Dominating the scene is Orion, the great hunter in the southwest, with several luminous stars: Betelgeuse (right shoulder), Rigel (left foot), Alnilam (center belt), Bellatrix (left shoulder), and Saiph (right knee). Check previous "Night Sky" articles for information on Rigel and Betelgeuse. Alnilam shines most of its light in the ultraviolet spectrum and is about 40 times heavier than the Sun. Stars of this size are headed for a spectacular ending as a supernova. Alnilam is only four million years old but has already exhausted most of its hydrogen and will start fusing larger atoms, then turn into a red supergiant more luminous than Betelgeuse. Bellatrix is approaching the end of the current stage of its lifecycle. It is expected to evolve into an orange giant within a matter of a few million years. Already, it is developing a growing shell of gaseous matter that signals the beginning of its transformation. Saiph is Arabic, meaning “The Sword of the Giant.” This star is white hot at 50,000 degrees.

The final bright star this month is high in the northwest—Capella. Capella is the brightest star in the constellation Auriga the Charioteer. At a distance of 43 light-years, Capella is one of the sky's most famous double stars. It consists of a pair of similar first magnitude stars so close together that it has long been a challenge to separate them with a telescope. One of the stars in the pair has a dead helium core that is slowly preparing to fire up to fuse to carbon and oxygen. The other star may already be making carbon and oxygen at its core. The fate of this pair is unknown. When the more massive companion finishes fusing helium into carbon and oxygen, it will expand, engulfing the other star.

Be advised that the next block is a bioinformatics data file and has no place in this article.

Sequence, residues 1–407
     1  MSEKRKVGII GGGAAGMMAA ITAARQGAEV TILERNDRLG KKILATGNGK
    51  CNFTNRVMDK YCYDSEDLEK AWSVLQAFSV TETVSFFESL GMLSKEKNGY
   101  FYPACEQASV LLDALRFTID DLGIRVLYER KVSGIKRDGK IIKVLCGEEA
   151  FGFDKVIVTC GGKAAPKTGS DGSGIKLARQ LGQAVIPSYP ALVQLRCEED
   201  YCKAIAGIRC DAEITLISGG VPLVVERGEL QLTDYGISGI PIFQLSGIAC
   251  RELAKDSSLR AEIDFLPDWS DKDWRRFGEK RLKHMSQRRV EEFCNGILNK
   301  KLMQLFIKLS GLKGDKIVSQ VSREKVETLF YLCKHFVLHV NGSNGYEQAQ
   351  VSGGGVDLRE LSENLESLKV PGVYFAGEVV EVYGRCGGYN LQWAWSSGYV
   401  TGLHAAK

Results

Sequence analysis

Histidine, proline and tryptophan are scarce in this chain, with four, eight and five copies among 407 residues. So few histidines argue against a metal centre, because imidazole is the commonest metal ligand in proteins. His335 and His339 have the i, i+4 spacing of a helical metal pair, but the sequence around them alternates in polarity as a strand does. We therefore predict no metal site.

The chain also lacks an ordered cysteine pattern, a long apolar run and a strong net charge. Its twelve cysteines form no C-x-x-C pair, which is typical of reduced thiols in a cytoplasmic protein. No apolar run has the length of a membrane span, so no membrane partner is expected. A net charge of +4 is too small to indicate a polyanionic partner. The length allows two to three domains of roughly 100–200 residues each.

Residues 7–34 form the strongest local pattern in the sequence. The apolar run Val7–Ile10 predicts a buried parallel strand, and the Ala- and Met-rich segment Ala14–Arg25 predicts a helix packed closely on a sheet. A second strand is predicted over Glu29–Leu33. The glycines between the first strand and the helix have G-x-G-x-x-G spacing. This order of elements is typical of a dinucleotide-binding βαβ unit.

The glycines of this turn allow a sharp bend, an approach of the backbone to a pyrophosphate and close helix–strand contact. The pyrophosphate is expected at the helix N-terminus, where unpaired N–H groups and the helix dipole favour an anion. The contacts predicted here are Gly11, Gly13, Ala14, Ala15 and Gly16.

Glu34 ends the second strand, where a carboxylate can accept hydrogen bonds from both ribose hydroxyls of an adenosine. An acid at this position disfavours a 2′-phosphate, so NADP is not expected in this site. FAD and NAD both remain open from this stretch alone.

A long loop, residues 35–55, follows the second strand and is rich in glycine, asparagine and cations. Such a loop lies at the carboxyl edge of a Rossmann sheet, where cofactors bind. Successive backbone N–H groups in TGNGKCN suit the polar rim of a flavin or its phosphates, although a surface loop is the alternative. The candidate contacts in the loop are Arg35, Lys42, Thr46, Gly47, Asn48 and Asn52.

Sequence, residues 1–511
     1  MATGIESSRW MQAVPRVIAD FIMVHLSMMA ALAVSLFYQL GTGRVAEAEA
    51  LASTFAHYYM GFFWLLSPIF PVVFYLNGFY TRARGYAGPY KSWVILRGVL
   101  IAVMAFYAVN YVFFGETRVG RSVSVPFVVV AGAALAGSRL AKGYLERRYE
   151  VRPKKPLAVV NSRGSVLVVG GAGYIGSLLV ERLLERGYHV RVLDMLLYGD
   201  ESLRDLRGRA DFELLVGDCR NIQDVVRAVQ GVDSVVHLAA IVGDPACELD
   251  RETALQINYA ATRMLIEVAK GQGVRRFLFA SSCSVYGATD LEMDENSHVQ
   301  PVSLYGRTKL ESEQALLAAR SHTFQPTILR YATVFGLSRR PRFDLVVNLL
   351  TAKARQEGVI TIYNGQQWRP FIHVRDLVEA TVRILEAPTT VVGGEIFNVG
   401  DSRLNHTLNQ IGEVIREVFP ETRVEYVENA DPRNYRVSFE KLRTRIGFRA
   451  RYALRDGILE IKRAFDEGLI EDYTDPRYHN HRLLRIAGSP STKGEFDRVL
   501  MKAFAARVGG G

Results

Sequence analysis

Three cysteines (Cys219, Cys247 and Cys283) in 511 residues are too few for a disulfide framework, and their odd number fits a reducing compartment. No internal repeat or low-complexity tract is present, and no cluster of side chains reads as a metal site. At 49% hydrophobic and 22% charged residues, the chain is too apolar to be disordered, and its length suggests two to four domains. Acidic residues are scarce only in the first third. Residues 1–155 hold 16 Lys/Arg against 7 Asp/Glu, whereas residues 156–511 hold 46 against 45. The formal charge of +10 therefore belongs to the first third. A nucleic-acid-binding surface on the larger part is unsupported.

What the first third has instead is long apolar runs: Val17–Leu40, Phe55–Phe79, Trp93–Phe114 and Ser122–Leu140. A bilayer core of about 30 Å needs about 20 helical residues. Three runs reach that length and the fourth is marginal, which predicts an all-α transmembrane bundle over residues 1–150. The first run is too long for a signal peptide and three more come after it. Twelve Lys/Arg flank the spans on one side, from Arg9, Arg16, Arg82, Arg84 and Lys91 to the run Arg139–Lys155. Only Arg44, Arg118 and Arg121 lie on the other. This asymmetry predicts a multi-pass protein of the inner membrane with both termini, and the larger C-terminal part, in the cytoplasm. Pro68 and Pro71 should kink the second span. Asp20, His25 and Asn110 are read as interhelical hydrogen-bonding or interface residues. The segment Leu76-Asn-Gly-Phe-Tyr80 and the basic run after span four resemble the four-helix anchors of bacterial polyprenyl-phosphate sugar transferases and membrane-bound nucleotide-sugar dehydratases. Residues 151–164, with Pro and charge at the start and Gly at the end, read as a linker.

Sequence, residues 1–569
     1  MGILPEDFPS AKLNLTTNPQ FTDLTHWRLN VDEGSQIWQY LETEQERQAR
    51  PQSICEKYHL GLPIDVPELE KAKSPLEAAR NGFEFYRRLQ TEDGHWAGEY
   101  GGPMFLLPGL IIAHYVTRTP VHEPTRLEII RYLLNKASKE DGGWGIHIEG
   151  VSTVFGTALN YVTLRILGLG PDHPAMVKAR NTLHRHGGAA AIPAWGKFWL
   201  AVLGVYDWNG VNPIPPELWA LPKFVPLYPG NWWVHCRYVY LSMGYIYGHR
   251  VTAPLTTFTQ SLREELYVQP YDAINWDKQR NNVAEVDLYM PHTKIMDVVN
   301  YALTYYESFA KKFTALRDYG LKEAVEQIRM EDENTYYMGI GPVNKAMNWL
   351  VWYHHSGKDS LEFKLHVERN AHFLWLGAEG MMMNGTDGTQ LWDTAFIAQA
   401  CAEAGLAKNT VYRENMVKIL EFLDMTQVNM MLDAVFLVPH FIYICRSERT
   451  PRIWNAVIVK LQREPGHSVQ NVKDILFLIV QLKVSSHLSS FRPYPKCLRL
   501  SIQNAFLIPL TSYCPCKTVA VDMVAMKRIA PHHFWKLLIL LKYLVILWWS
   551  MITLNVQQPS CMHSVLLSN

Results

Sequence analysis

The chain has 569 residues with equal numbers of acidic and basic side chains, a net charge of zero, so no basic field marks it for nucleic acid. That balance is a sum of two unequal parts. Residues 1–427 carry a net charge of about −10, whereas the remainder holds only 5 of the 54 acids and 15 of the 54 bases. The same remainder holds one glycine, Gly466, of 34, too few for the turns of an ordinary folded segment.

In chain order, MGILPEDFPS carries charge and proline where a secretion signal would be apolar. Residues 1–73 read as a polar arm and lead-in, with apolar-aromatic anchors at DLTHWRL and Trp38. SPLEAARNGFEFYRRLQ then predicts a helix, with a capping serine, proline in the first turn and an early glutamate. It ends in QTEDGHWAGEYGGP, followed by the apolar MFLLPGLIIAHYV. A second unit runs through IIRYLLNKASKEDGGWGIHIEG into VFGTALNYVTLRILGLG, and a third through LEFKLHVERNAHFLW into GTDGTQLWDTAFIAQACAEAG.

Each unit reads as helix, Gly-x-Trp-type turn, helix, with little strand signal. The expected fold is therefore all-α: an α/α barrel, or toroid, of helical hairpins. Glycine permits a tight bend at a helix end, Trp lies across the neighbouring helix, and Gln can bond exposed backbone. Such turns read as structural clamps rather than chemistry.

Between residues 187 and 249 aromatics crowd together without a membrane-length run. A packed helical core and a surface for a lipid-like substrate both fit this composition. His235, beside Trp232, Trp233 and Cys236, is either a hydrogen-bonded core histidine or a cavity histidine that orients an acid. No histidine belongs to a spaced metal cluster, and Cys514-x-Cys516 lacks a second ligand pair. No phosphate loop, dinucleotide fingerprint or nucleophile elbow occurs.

So, go outside, brave the cold, and enjoy the view of our night sky.

THE PLANETS AND MOON

  • Look early in the month for Mercury in the east, 30 to 15 minutes before sunrise. Binoculars will help spot the planet in the dawn glow. Take care not to look at the Sun with binoculars.
  • Venus rises before 4:30 a.m. this month and is the bright “morning star” in the east.
  • Mars is rising and setting with the Sun and is not visible.
  • Jupiter will be high in the west at sunset this month. There is a Moon-Jupiter conjunction on the 6th.
  • Saturn is moving fast across the evening sky, rising at 10:40 p.m. on the 1st, 9:43 p.m. on the 15th, and at 8:49 p.m. on the 28th this month. One hour before sunrise on the 21st, look for a triple conjunction between the Moon, Saturn, and Spica. Spica will be above and to the left of the Moon.
  • The Moon will be new on Groundhog Day, February 2nd. The full Moon occurs on the 18th. Look for the Moon and Antares to cozy up on the 25th, about an hour before sunrise.

Happy New Year! February 3rd begins the Chinese year of the Rabbit.


Stargazing at the Monument

On Friday, February 11 at 7:00 p.m., the Rio Rancho Astronomical Society will host its monthly meeting and stargaze at Coronado State Monument, and a stargaze will follow the meeting, weather permitting. Telescopes provided by members of the Rio Rancho Astronomical Society will show views of the Moon and Jupiter as well as various nebula, star clusters, and galaxies. 

The public is invited to attend both events. The temperatures will be cold, so remember to dress warmly.

For more information, log on to www.rrastro.org or call 220-5492.